Sewing Terms, Tips, and Techniques

This glossary is an on-going collection of terms that I have come across in my sewing journey along with some tips and techniques. I hope you find these helpful.  

Bar Tack

A bar tack refers to a hand sewing technique used to reinforce points of strain. For example, the top of a skirt slit/pleat or the corners of shirt/pants pocket.  

You can create a bar tack by sewing a blanket stitch over two or three long stitches. Many newer model sewing machines come with a bar tack stitch.  


Basting is a form of hand-stitching. It is not meant to be permanent. Basting is all about preparation. Some people like to baste their zippers in place before machine stitching. Basting can also be used to match plaids, attach interfacing, underlining, linings, etc.  

To make sure your layers do not shift it is best to work on a flat surface. When basting near the seam line it is best to sew inside the seam allowance making it easier to remove the basting threads.  

For light hand-basting work, usually when I'm basting underlining to my fashion fabric, I would chose a cheaper cotton thread. But remember that this thread breaks easily. It may be good for basting underlining since this basting will be removed later but you might want to use a stronger thread for items that are basted for fitting reasons. Silk thread is good for basting fine fabrics.

Basting isn't necessarily a straight stitch along the seam line. Sometimes it may be necessary to baste on the diagonal such as when working with fabric that have a pile in order to prevent them from shifting. When basting velvet, I used a rayon embroidery thread because it didn't leave an imprint on the pile.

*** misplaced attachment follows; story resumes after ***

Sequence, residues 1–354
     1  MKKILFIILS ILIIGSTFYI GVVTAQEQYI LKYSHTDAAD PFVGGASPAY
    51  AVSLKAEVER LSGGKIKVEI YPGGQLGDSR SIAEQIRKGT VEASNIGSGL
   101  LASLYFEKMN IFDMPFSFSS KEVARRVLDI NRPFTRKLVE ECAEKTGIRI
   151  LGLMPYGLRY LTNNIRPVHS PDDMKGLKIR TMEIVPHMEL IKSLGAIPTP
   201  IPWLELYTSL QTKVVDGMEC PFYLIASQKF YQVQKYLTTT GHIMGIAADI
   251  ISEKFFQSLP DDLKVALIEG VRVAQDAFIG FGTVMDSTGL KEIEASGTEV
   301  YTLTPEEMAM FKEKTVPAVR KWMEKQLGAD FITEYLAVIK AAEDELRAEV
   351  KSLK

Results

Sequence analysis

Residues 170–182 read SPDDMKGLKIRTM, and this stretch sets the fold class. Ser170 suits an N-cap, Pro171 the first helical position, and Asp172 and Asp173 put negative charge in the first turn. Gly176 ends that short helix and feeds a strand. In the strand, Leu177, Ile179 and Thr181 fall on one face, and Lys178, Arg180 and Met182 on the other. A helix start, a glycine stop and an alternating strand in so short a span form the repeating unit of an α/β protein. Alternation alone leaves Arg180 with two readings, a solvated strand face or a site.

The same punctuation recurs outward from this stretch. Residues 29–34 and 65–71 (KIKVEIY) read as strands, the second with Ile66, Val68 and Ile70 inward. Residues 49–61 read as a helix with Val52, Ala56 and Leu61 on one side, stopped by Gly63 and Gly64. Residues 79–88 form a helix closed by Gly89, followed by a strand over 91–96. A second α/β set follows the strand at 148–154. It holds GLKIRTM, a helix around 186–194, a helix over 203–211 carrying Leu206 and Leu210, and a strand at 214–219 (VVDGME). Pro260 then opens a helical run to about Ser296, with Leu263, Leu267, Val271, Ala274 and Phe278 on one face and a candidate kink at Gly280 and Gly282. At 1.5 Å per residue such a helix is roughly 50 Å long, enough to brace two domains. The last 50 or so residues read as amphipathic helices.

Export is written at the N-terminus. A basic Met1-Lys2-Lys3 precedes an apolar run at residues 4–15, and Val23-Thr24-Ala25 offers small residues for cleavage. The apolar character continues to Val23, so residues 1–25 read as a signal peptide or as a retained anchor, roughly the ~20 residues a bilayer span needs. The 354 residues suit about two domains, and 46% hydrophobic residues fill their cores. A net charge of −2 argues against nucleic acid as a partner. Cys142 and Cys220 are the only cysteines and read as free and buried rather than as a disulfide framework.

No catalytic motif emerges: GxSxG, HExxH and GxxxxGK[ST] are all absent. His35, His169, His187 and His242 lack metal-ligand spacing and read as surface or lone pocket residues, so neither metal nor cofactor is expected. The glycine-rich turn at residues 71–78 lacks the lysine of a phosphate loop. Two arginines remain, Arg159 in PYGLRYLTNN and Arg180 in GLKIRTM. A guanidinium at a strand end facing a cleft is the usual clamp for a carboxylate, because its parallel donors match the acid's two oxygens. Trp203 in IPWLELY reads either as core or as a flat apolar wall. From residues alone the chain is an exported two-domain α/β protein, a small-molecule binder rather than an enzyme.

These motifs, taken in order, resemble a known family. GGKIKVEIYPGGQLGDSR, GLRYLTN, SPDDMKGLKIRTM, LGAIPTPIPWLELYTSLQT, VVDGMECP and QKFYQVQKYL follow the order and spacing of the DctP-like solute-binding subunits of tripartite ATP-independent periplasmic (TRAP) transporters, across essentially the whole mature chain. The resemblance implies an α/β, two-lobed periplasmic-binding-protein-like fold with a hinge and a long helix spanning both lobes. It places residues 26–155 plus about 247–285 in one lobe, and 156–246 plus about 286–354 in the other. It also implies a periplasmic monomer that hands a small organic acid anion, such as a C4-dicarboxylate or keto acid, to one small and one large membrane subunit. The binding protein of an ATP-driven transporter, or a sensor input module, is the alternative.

Basting Tape

Basting tape is a two sided sticky tape that helps to hold fabric and zippers in place. I use basting tape whenever I'm sewing an invisible zipper. It is quick and easy and the stickiness washes away. Also a handy little item to have if you carry an emergency travel sewing kit for those hems that might come down.  


Cutting a garment on the bias of a fabric moulds the fabric to the body unlike straight-grain cut fabric. Pattern pieces are placed at a forty-five degree angle to from the grainline marking on the pattern piece in order to be cut on the bias. Seam edges that are cut on the bias do not have to be finished since these edges do not fray like straight-grain edges would.     

Bias Tape

Making bias tape is pretty easy to make when you have the right tools. And of course you will want to cut your fabric on the bias. This will prevent the edges from fraying and will give the tape some stretch to handle neckline and armhole curves. The tools you will need are
  • Bias tape maker 
  • Iron
  • Bias cut fabric
  • A ruler (I prefer to use a clear one)
  • Tailor's chalk
I have posted a how-to that you can find here on how I have made bias tape in the past. I frequently make bias tape when I want to match a finished edge with my fashion fabric. Making your own bias tape is another great way to use up those larger pieces of left-over fabric.   

Blanket Stitch

There are two methods for sewing a blanket stitch, by hand or machine. Typically, sewing a blanket stitch by machine is seen in sewing a pre-fused appliqué in place. This can also be done by hand for sewing a pre-fused appliqué in place. By hand the blanket stitch is often used to as a decorative stitch often seen on blankets and done in wool or embroidery thread.

Bobbin Thread